After 11 months, 64,000 kilometres and six continents, the Henri Lloyd sailed across the finish line of the world's longest yachting race in first place Saturday, largely because its skipper is also a weatherman.
Canadian Eric Holden, 33, and his crew completed the final leg of the event, from Den Helder, the Netherlands, to London, England, to win the Clipper Round the World Race – a year-long sailing competition made up of 16 races via Rio de Janeiro, Cape Town, Australia, Singapore, China, San Francisco, Panama, Jamaica, New York and Northern Ireland.
"Each leg [of the race] is so different, so unique … you got hurricane-strength winds and seas that are four storeys high, and you also have the tropics, where it's so hot there may be no wind for days and you're not moving," said Vancouver's Mr. Holden.
The conditions during the voyage from Singapore to Qingdao, China, were particularly treacherous, recalled Ryan Bates, 32, of Washington, who quit his job at the Pentagon to participate in the race and had never ocean-sailed before.
"We were, no joke, smashing through the seas. We would go up and the tools, everything, would go flying and then land down again, and we did that for days," he said.
But as a former weather forecaster for the Canadian sailing team at the London Olympics in 2012, Mr. Holden saw storms coming a mile away and would often divert from the fastest routes if it meant getting better weather.
"We had a great skipper who is a meteorologist and probably one of the reasons why our boat won because he is so good with that stuff," Mr. Bates said.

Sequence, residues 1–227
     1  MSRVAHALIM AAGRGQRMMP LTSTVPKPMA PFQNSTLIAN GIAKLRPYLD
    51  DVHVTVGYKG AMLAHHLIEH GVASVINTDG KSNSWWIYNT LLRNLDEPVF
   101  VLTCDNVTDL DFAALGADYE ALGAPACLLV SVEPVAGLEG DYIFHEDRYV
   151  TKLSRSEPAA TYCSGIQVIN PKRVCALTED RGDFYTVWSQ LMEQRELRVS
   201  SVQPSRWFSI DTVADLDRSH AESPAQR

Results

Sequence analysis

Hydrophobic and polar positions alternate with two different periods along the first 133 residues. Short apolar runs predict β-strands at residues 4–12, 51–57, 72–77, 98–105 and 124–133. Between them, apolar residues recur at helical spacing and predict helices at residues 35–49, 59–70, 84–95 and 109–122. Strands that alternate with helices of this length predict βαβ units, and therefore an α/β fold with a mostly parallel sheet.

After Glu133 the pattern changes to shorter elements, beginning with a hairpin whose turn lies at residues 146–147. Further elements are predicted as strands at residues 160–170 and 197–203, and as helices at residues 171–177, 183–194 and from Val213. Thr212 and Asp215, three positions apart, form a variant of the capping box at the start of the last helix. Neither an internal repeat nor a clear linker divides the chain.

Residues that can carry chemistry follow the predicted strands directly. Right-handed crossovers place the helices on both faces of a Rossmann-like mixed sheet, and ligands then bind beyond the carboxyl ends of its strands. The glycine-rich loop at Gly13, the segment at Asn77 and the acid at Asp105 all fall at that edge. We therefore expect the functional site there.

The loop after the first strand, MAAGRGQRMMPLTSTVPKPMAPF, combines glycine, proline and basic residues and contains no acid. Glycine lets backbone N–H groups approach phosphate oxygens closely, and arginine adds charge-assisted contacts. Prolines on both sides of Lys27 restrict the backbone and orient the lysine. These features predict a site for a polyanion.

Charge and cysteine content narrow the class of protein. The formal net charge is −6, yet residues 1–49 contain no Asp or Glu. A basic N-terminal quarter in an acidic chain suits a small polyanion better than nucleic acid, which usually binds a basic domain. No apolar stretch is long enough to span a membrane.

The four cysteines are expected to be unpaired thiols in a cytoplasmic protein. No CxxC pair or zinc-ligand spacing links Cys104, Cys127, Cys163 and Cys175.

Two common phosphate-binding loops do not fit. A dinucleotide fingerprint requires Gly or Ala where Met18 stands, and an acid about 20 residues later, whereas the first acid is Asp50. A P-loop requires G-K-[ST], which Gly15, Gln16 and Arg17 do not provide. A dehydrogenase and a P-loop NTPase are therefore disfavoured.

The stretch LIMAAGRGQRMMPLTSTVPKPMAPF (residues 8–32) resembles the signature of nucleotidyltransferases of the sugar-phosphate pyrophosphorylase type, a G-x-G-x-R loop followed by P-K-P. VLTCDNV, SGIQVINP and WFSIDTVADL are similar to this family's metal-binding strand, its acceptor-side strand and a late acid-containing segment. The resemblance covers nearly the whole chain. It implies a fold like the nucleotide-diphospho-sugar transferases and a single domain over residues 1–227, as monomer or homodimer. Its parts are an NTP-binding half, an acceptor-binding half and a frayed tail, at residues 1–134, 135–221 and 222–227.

And for a boat full of interior designers, accountants, teachers, lawyers and IT consultants (the only professionals in the event are the skippers), Mr. Holden's expertise came as a comfort to the crew.
"I never actually really felt fear on board because we had such an amazing skipper who really did make sure we'd be safe all the time," Mr. Bates said.
Half of the 20 crew members on board each race were always on deck while the others rested below, in four-hour shifts.
Between each shift, there was time only to eat, use the washroom, undress and dress, and maybe catch three hours of shut-eye.
"That's one of the hardest things to get used to, is perpetually being disturbed from your slumber," said Michael Jauncey, 71, from Toronto, who competed in the last two legs of the race (the Henri Lloyd had 55 crew members total, but only nine raced the entire event).
As skipper, Mr. Holden spent as much time on deck as possible, working with and coaching the team. But where the crew had a structured routine, Mr. Holden had no schedule, sometimes staying up for 36 or 48 hours straight when the race was tight or the weather rough, he said.
"A lot of that is just a choice. To finish, you've got a 10-mile lead with a couple hundred miles left to go, and any mistake is going to cost you, put you back, so just stay up.
"The crew feeds me a lot of coffee and just keep pushing on," he said.
The "mother" of each day prepared the crew's meals, which ranged from milk and cereal for breakfast to Indonesian food and shepherd's pie for lunch and dinner.
"After a while, it all started to look and taste the same" said Mr. Jauncey about the menu.
The Henri Lloyd finished the race with 166.9 points, while Britain came in second with a score of 150. (Points are accumulated in a Formula 1-style scoring system: 12 points are up for grabs in each of the 16 races, with the first-place finisher earning 12 and the last-place team taking one. The yacht with the highest total points at the end wins the Clipper Race trophy).
As well as the skipper, the Henri Lloyd crew included four others from Canada: James Dick from Victoria, Morgen Watson from Calgary, Fiona Garforth-Bles from Bragg Creek, Alta., and Mr. Jauncey.
While sailing is a small sport in Canada, Mr. Holden said he hopes to see offshore sailing become more popular.
"It's been really rewarding to see the growth and support and interest in Canada over the [race]," he said.